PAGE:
Lucky me! I had a birthday recently (21 again – obviously), and when I put time aside to jot down a few book titles on my birthday list, I saw that one of them was in that angel/devil Amazon’s 3 for £10 offer. Whoops. That sent me looking for others in the same offer…
Lucky me again, because I got all seven books on my list. So I thought I’d bore you with why they appealed to me and then make you buzz with booky excitement by sharing their blurbs.
In this post: The three books my teens bought me.
What appealed: The title, the tagline (‘How do you solve a mystery when you can’t remember the clues?’), the fact that it’s about lost memories (something I’ve have in mind to write about since wandering around Chloe Meineck’s fascinating and touching Memory Box ‘Identity’ exhibition at The Design Museum in London back in 2013), and the blurb…
Maud is forgetful. She makes a cup of tea and doesn’t remember to drink it. She goes to the shops and forgets why she went. Sometimes her home is unrecognizable – or her daughter Helen seems a total stranger.
But there’s one thing Maud is sure of: her friend Elizabeth is missing. The note in her pocket tells her so. And no matter who tells her to stop going on about it, to leave it alone, to shut up, Maud will get to the bottom of it.
Because somewhere in Maud’s damaged mind lies the answer to an unsolved seventy-year-old mystery. One everyone has forgotten about.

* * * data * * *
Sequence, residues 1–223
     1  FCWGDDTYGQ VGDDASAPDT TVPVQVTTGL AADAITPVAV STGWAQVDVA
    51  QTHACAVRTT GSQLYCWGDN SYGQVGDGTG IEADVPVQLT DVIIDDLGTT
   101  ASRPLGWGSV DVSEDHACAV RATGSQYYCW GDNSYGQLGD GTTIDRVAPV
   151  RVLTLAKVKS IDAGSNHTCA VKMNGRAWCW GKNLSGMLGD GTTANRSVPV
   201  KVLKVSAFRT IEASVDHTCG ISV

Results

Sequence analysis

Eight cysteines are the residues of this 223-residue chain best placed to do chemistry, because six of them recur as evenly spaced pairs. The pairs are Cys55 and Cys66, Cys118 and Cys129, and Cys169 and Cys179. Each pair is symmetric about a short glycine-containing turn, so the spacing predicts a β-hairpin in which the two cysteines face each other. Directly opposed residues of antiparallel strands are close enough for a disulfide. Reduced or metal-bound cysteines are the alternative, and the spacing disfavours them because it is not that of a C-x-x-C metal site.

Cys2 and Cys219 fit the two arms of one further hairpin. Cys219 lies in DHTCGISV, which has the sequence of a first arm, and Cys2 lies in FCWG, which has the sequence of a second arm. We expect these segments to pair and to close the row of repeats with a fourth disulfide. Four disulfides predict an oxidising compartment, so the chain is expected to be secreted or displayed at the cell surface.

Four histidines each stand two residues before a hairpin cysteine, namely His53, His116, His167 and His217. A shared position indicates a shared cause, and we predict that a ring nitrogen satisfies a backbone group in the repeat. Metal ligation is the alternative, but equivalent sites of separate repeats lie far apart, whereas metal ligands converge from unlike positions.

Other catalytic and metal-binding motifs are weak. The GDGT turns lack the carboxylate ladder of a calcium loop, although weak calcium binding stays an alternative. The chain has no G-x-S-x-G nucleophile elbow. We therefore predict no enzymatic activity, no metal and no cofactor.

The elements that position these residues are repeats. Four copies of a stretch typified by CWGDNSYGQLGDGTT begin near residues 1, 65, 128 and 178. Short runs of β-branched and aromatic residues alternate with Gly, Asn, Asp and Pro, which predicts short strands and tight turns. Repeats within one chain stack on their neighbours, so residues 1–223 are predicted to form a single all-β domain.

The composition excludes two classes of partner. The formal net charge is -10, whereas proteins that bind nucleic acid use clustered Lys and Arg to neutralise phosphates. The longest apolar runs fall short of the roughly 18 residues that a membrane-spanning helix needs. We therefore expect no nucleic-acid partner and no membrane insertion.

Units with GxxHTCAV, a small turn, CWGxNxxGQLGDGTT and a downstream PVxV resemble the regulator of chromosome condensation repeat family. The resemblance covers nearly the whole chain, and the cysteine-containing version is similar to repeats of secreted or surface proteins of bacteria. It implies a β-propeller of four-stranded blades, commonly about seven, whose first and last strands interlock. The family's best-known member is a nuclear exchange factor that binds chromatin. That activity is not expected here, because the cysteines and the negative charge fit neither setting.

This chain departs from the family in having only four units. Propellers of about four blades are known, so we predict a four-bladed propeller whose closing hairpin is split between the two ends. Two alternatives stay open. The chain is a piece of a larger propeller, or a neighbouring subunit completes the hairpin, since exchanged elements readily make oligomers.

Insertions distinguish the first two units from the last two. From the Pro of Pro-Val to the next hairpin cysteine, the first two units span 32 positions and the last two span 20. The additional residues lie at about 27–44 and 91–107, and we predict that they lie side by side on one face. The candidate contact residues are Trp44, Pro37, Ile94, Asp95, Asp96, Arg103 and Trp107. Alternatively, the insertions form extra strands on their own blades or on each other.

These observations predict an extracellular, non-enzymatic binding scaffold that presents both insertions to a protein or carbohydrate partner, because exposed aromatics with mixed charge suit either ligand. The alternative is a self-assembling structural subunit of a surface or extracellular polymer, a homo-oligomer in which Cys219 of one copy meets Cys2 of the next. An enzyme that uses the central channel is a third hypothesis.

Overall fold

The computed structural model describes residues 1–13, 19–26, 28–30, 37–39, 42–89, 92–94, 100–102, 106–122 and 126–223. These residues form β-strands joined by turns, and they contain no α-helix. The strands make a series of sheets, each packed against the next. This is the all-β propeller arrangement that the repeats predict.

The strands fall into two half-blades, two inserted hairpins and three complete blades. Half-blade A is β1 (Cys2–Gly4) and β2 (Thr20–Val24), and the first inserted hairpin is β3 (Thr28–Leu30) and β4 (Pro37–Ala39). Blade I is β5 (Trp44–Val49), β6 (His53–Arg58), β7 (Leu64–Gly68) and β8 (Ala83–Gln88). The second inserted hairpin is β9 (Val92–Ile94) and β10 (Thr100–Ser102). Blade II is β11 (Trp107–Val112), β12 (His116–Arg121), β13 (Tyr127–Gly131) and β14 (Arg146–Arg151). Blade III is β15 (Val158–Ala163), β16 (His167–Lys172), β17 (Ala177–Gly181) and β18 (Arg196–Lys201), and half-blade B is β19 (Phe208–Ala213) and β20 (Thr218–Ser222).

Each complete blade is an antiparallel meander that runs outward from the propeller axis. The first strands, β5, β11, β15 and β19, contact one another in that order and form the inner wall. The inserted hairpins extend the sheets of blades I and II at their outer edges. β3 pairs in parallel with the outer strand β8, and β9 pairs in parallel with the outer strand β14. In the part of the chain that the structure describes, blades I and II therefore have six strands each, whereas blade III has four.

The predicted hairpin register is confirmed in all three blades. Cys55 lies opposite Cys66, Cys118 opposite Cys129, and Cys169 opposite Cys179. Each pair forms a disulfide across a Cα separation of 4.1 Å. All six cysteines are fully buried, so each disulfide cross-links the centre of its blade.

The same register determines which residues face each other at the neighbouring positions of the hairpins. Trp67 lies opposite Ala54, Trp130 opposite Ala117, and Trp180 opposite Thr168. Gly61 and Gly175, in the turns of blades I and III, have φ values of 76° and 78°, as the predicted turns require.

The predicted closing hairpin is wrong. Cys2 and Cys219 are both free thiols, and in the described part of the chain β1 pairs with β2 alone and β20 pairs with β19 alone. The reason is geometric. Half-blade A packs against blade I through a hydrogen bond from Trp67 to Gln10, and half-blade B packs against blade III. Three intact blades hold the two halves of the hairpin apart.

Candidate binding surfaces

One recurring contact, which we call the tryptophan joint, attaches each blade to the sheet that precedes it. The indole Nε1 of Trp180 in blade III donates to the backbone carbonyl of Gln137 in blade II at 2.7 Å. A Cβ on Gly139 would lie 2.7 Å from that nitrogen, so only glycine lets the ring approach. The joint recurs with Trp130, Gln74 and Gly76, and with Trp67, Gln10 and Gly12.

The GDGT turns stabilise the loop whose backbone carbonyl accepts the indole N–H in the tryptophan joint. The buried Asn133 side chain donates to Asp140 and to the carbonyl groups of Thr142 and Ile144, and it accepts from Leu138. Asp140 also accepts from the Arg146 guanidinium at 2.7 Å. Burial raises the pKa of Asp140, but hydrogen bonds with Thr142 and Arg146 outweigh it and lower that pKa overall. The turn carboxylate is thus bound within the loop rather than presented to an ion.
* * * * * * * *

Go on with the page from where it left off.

Everyone, except Maud . . .
What appealed: This came up in a search for slipstream fiction (on Goodreads, I think). The blurb says it’s ‘for fans of Kate Mosse‘ (excuse me while I fangirl) ‘and Kate Morton‘ (give me time. Guess whose book will feature in Birthday Book Blurbs Part 2?). My son was very intrigued by the blurb, so without further ado…
A haunting novel about two women separated by decades but entwined by fate.
When Alice Eveleigh arrives at Fiercombe Manor during the long, languid summer of 1933, she finds a house steeped in mystery and brimming with secrets. Sadness permeates its empty rooms and the isolated valley seems crowded with ghosts, none more alluring than Elizabeth Stanton whose only traces remain in a few tantalisingly blurred photographs. Why will no one speak of her? What happened a generation ago to make her vanish?
As the sun beats down relentlessly, Alice becomes ever more determined to unearth the truth about the girl in the photograph – and stop her own life from becoming an eerie echo of Elizabeth’s . . .
What appealed: I read about this novel months ago, but naughtily I’ve got no idea where. Maybe it was recommended on someone else’s blog, or perhaps in a ‘must read’ column in a newspaper. I really like the sound of it, anyway – I like it bit of apocalypse, me – but I had no idea that it won the Arthur C.Clarke award last month) at about the same time I put it on my list. I’m surprised it was on the 3 for £10, then! George R.R. Martin said: “One of the 2014 books that I did read stands above all the others, however: Station Eleven, by Emily St. John Mandel . . . It’s a deeply melancholy novel, but beautifully written, and wonderfully elegiac, a book that I will long remember, and return to.” Now I’ve put that, I’m wondering if that’s how I heard about it – on a George R.R. Martin Top Ten Reads or the like… yes it was. He named it his favourite novel of 2014 here.
What was lost in the collapse: almost everything, almost everyone, but there is still such beauty.
One snowy night in Toronto famous actor Arthur Leander dies on stage whilst performing the role of a lifetime. That same evening a deadly virus touches down in North America.
The world will never be the same again.
Twenty years later Kirsten, an actress in the Travelling Symphony, performs Shakespeare in the settlements that have grown up since the collapse.
But then her newly hopeful world is threatened.
If civilization was lost, what would you preserve? And how far would you go to protect it?